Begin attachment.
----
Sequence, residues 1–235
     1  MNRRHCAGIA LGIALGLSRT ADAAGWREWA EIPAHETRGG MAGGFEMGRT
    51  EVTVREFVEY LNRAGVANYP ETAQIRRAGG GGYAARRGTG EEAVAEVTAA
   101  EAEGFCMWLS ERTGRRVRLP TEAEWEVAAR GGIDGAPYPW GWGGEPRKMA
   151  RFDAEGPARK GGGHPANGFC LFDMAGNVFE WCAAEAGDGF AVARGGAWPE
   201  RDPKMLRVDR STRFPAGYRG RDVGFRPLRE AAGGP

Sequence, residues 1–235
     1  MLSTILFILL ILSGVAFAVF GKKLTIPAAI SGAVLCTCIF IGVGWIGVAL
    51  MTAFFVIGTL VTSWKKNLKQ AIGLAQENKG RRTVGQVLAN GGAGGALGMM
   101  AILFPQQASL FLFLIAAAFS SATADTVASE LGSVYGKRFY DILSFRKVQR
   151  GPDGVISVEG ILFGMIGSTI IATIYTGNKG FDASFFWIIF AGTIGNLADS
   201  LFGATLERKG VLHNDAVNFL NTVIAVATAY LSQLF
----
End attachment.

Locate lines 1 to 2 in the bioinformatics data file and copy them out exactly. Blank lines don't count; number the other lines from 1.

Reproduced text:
Sequence, residues 1–235
     1  MNRRHCAGIA LGIALGLSRT ADAAGWREWA EIPAHETRGG MAGGFEMGRT